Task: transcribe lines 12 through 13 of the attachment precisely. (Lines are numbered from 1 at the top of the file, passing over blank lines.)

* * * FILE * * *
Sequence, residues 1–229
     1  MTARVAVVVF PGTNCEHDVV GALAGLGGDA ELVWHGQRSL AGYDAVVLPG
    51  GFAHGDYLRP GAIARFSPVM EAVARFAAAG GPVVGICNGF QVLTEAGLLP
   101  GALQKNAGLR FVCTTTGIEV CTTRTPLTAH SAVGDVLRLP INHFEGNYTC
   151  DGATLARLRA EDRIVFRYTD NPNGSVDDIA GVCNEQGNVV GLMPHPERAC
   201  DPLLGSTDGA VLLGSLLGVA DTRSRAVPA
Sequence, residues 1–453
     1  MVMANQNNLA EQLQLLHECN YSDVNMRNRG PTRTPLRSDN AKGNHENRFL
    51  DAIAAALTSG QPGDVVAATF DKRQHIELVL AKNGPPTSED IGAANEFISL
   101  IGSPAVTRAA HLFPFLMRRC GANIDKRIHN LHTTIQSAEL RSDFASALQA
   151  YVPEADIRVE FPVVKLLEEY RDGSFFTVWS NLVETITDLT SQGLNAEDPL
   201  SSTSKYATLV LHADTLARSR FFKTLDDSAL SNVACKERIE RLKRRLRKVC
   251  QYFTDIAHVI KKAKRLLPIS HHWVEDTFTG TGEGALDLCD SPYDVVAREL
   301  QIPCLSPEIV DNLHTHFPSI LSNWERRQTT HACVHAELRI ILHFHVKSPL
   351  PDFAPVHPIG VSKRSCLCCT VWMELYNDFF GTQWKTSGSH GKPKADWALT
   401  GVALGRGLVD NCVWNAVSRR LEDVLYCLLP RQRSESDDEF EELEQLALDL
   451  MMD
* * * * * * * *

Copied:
   201  SSTSKYATLV LHADTLARSR FFKTLDDSAL SNVACKERIE RLKRRLRKVC
   251  QYFTDIAHVI KKAKRLLPIS HHWVEDTFTG TGEGALDLCD SPYDVVAREL